◦Content processing component
◦Query processing component
◦Analytics processing component
◦Crawl component
◦Index component
◦The set must contain one or more, but not all, of the index components for each index partition.
◦The set must contain the non-primary search administration component

c) Determine the servers in group 2.

This group must contain all remaining servers except the server that hosts the primary search administration component.

d) Group 3 consists of the server that hosts the primary search administration component.

5. Perform the required patching of servers in group 1. See the procedure “Install the SharePoint March PU on servers running search components” earlier in this article.

6. After you complete the patching, wait until all search components are running.

From a Windows PowerShell command prompt, type the following command until the output no longer lists any search components . The command will only list search components that are not in the “Active” state:

Get-SPEnterpriseSearchStatus -SearchApplication $ssa | where {$_.State -ne “Active”} | fl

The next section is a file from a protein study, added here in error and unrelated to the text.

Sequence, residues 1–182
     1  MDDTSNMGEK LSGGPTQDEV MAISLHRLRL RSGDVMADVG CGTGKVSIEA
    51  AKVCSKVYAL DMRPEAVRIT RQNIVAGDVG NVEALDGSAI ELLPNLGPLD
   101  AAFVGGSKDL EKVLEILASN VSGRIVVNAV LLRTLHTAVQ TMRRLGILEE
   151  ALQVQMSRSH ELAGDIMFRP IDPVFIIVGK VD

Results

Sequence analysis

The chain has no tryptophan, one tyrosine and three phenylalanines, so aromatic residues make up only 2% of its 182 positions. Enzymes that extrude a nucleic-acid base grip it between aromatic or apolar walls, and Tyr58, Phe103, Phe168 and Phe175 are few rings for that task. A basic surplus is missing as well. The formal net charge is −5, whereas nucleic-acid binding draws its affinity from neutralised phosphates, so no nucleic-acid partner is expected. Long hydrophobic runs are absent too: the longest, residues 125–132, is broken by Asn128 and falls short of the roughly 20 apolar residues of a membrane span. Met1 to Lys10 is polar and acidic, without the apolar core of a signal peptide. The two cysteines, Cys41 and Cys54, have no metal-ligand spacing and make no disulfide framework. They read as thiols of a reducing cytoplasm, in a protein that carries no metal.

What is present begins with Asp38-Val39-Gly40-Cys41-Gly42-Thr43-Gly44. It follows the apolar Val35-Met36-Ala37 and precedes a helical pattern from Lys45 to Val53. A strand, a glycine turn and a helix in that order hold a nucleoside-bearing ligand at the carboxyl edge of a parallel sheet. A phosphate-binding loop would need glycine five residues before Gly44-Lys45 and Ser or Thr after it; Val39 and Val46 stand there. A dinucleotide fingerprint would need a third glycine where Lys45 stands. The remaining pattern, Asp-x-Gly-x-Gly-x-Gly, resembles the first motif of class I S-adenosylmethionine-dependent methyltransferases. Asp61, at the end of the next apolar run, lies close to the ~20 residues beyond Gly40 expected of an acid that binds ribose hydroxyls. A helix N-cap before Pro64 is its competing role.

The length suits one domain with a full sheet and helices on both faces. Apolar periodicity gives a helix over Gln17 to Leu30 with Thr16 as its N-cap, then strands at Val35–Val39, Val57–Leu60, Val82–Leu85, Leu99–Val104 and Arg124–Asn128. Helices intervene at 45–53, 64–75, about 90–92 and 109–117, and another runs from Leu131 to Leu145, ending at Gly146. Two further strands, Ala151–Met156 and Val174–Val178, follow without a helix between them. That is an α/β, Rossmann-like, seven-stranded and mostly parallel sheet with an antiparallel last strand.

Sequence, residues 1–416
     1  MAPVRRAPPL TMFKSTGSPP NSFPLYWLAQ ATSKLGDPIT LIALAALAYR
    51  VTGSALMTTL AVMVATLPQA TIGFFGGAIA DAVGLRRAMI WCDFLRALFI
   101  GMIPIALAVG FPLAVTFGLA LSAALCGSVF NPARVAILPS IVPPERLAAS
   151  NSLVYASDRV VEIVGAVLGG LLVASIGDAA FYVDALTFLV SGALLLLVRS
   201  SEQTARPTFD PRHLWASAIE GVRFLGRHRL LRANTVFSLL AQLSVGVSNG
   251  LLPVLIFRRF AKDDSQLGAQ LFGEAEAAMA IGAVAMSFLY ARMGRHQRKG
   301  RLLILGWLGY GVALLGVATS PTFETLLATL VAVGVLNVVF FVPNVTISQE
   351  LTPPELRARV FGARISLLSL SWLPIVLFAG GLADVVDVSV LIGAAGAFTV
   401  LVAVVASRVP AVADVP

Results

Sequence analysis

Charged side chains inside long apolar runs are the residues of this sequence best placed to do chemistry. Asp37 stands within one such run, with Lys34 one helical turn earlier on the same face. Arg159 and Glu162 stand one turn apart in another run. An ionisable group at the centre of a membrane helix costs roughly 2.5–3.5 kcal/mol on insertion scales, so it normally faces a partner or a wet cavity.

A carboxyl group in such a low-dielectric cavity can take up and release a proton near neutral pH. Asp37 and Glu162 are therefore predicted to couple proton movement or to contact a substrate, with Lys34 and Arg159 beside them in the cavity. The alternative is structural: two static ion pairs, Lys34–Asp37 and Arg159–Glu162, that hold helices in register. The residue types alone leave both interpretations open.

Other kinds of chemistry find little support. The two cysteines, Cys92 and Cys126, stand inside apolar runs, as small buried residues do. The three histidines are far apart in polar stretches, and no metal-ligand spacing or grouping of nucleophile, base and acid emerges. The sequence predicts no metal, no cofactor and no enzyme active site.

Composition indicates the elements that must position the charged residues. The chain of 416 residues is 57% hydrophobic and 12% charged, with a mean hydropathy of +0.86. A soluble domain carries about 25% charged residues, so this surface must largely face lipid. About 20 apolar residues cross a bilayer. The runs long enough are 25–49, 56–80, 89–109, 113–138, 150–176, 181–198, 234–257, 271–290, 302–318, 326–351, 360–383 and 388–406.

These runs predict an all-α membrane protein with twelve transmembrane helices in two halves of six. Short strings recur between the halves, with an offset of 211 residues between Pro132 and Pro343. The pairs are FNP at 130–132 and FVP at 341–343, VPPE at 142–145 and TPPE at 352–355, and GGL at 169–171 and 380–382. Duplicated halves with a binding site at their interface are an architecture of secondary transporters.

7. Perform the required patching of servers in group 2. See the procedure “Install the SharePoint March PU on servers running search components” earlier in this article.

8. After you complete the patching, wait until all search components are running.

From a Windows PowerShell command prompt, type the following command until the output no longer lists any search components. The command will only list search components that are not in the “Active” state:

Get-SPEnterpriseSearchStatus -SearchApplication $ssa | where {$_.State -ne “Active”} | fl

9. Perform the required patching of servers in group 3. See the procedure “Install the SharePoint March PU on servers running search components” earlier in this article.

Note: During this step, you will experience a few minutes of query downtime while a search administration component failover takes place.

10. After you complete the patching, wait until all search components are running.

From a Windows PowerShell command prompt, type the following command until the output no longer lists any search components. The command will only list search components that are not in the “Active” state:

Get-SPEnterpriseSearchStatus -SearchApplication $ssa | where {$_.State -ne “Active”} | fl

 

Any questions, let us know.

 Knut Brandrud, Program Manager, Search Team

Comments (73)

  1. Kirk Stark says:

    Sanjay,

    Thanks for your comment.

    We have a model that should answer this question.

    http://www.microsoft.com/…/details.aspx